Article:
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Fri, May 19, 2000 - Page 3 News List

Taiwan gears up for celebrations

PARTY GUESTS Leading members of the world's democracy movements are among those coming to Taipei to witness the beginning of a new era in Taiwan's government

By Catherine Sung  /  STAFF REPORTER

The invitation list for Chen Shui-bian's (陳水扁) presidential inauguration tomorrow reads like a Who's Who of democratic movements in Asia and elsewhere.

Among the estimated 1,600 guests now jetting in to Taipei to witness the country's first transition in political power are notable figures such as East Timor's Nobel laureate Bishop Carlos Belo, and Cambodia's outspoken opposition leader Sam Rainsy.

Former Chinese student democracy leader Wang Dan (王丹) will also be among those in attendance, while human rights activist Wei Jingsheng (魏京生) has not yet confirmed his trip here.

Other leaders who were invited but could not come include Tibet's exiled spiritual leader, the Dalai Lama, Myanmar's opposition leader and Nobel laureate Aung San Suu Kyi, and former Philippine President Corazon Aquino.

A delegation led by Tibetan parliamentary leader Samdhong Rinpoche, however, will be attending the May 20 inauguration, while Suu Kyi has sent a letter thanking Chen for the invitation and explained there were great difficulties in sending a representative.

Another Nobel laureate, Lech Walesa, the first president of Poland in the post-communist era, is also on the list.

A key figure in pushing for democratic reform in Asia, former New York congressman Stephen Solarz, will also be among the distinguished guests at the Presidential Office this weekend. Solarz had been a fierce critic of the KMT regime when Taiwan was under martial law.

Who Else is Coming to Dinner?

Overall, there are 80-plus delegations coming from among the 29 countries with formal diplomatic relations with Taiwan, 28 countries without formal ties, and 11 international organizations.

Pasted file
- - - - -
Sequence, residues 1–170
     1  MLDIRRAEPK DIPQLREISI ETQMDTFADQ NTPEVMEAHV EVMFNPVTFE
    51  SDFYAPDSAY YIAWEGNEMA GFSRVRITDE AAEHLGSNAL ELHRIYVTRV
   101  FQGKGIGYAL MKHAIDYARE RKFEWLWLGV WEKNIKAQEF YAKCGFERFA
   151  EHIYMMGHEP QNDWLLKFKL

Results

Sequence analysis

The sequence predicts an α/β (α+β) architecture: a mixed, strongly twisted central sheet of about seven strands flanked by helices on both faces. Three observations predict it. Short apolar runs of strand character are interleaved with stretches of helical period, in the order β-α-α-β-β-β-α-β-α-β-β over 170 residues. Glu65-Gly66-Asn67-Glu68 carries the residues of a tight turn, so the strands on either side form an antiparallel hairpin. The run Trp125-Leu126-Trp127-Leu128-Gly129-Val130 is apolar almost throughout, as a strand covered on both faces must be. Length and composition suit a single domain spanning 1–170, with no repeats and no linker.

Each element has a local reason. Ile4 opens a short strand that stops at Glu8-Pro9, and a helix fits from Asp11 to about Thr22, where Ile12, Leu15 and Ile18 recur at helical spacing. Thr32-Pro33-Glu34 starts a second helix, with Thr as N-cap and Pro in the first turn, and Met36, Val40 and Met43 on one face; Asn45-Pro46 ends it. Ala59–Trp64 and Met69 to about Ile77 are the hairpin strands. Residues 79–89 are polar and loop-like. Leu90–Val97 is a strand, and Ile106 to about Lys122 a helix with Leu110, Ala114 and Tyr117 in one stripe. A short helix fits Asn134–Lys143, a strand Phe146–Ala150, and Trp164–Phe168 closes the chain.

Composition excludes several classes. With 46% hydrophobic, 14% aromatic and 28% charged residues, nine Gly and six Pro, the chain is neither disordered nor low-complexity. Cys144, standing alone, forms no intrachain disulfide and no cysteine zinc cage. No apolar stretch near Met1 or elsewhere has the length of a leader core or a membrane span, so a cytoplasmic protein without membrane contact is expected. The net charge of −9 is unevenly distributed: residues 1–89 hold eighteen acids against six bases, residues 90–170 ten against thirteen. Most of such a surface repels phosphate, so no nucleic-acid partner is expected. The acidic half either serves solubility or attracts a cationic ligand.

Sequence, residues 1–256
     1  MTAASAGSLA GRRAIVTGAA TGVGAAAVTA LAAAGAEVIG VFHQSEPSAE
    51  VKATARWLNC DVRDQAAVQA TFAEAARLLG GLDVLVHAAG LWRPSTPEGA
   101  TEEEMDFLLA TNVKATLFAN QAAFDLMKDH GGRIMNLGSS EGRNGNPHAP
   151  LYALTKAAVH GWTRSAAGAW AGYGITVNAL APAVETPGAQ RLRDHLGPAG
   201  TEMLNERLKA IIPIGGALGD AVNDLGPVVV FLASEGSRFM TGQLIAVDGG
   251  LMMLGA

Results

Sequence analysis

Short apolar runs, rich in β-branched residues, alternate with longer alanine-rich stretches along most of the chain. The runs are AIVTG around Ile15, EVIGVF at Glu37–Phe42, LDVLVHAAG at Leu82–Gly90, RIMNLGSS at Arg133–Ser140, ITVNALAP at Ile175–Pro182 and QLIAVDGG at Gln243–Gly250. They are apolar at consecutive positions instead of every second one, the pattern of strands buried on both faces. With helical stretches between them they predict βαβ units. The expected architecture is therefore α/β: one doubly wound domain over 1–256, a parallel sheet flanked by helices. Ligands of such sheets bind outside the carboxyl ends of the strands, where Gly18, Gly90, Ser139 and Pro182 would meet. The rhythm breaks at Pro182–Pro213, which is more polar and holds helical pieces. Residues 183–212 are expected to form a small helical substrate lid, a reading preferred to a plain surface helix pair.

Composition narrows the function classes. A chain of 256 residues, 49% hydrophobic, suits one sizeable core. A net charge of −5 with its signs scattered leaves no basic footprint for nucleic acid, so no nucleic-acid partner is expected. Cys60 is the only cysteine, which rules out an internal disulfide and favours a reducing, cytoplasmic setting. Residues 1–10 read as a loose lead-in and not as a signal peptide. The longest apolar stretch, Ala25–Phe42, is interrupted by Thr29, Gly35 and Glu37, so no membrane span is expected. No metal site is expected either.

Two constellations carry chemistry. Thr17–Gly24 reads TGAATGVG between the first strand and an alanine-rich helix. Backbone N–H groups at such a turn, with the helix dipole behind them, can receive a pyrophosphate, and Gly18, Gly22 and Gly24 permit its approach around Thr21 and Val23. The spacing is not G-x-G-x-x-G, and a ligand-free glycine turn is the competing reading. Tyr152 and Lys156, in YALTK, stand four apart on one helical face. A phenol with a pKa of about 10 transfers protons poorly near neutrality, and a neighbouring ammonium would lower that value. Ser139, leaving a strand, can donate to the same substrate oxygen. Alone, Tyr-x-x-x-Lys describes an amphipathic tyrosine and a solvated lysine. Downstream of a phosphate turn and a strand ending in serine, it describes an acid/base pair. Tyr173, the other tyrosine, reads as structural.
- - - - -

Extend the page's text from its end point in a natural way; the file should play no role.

In contrast to outgoing President Lee Teng-hui's (李登輝) inauguration in 1996 -- where eight heads-of-state were in attendance -- national leaders from Swazi-land, Nicaragua, the Dominican Republic, Palau and Nauru will be present tomorrow.

President Lee is to formally welcome each leader with a 21-gun salute at Chiang Kai-shek Memorial Hall this morning. The new president will see the leaders off with a similar ceremony in the afternoon of May 22.

Tonight, outgoing Minister of Foreign Affairs Chen Chien-jen (程建人) is to host a cocktail party for all the visiting foreign guests in addition to officials from Taiwan's own government.

An estimated 5000 people will be rubbing shoulders during the event at the Taipei Guest House.

The Hilton Hotel is expected to dispatch 50 chefs to lay on an array of Taiwanese snacks, grouped to reflect different regional and ethnic specialties.

The street vendor-style foods range from dan-dan noodles (擔仔麵) and lotus seed flavored stripe soup (蓮子豬肚四神湯) -- specialties from Chen's birthplace of Tainan -- to oyster vermicelli (蚵仔麵線) and tofu pudding (豆花).

Inauguration Day

On inauguration day, Chen will first take his oath of office at 9am in front of a statue of Sun Yat-sen (孫逸仙) and the national flag followed by a public declaration of a presidential oath at 11am, the first such oath ever for an ROC president.

The swearing-in ceremony will be presided over by Judicial Yuan President Weng Yueh-sheng (翁岳生) and Legislative Yuan Speaker Wang Jin-pyng (王金平) who will hand over the national seal and the seal of the Presidential Office to the new president.

Due to limited space in the Presidential Office, only the five heads-of-state will witness the swearing-in at 9am.

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